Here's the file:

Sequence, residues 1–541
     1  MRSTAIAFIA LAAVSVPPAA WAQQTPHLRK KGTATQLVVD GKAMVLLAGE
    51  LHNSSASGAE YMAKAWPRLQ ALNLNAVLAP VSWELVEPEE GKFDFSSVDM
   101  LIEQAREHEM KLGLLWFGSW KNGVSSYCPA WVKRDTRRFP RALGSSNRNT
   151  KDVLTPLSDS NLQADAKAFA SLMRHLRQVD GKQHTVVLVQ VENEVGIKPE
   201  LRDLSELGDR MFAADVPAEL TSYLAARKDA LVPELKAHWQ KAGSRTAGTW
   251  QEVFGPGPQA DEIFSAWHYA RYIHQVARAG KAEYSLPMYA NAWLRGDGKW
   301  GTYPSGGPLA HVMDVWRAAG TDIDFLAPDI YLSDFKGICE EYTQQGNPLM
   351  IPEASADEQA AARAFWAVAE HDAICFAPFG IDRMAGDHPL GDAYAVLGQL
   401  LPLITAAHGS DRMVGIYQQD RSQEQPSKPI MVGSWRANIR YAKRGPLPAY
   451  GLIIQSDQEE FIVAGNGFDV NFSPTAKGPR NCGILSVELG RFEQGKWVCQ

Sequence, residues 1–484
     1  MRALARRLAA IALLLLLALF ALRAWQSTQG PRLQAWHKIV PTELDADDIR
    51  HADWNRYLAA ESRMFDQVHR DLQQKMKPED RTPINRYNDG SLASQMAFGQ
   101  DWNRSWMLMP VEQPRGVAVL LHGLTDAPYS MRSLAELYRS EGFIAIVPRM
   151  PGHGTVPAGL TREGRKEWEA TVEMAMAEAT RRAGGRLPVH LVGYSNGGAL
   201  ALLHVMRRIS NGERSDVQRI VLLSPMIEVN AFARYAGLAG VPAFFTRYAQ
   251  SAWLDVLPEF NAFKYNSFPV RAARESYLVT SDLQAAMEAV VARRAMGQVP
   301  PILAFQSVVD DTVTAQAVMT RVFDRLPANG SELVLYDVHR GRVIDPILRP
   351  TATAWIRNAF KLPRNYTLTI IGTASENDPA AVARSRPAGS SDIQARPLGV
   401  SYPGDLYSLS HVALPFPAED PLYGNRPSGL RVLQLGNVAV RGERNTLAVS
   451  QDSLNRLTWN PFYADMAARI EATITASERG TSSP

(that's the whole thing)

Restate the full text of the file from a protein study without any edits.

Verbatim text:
Sequence, residues 1–541
     1  MRSTAIAFIA LAAVSVPPAA WAQQTPHLRK KGTATQLVVD GKAMVLLAGE
    51  LHNSSASGAE YMAKAWPRLQ ALNLNAVLAP VSWELVEPEE GKFDFSSVDM
   101  LIEQAREHEM KLGLLWFGSW KNGVSSYCPA WVKRDTRRFP RALGSSNRNT
   151  KDVLTPLSDS NLQADAKAFA SLMRHLRQVD GKQHTVVLVQ VENEVGIKPE
   201  LRDLSELGDR MFAADVPAEL TSYLAARKDA LVPELKAHWQ KAGSRTAGTW
   251  QEVFGPGPQA DEIFSAWHYA RYIHQVARAG KAEYSLPMYA NAWLRGDGKW
   301  GTYPSGGPLA HVMDVWRAAG TDIDFLAPDI YLSDFKGICE EYTQQGNPLM
   351  IPEASADEQA AARAFWAVAE HDAICFAPFG IDRMAGDHPL GDAYAVLGQL
   401  LPLITAAHGS DRMVGIYQQD RSQEQPSKPI MVGSWRANIR YAKRGPLPAY
   451  GLIIQSDQEE FIVAGNGFDV NFSPTAKGPR NCGILSVELG RFEQGKWVCQ

Sequence, residues 1–484
     1  MRALARRLAA IALLLLLALF ALRAWQSTQG PRLQAWHKIV PTELDADDIR
    51  HADWNRYLAA ESRMFDQVHR DLQQKMKPED RTPINRYNDG SLASQMAFGQ
   101  DWNRSWMLMP VEQPRGVAVL LHGLTDAPYS MRSLAELYRS EGFIAIVPRM
   151  PGHGTVPAGL TREGRKEWEA TVEMAMAEAT RRAGGRLPVH LVGYSNGGAL
   201  ALLHVMRRIS NGERSDVQRI VLLSPMIEVN AFARYAGLAG VPAFFTRYAQ
   251  SAWLDVLPEF NAFKYNSFPV RAARESYLVT SDLQAAMEAV VARRAMGQVP
   301  PILAFQSVVD DTVTAQAVMT RVFDRLPANG SELVLYDVHR GRVIDPILRP
   351  TATAWIRNAF KLPRNYTLTI IGTASENDPA AVARSRPAGS SDIQARPLGV
   401  SYPGDLYSLS HVALPFPAED PLYGNRPSGL RVLQLGNVAV RGERNTLAVS
   451  QDSLNRLTWN PFYADMAARI EATITASERG TSSP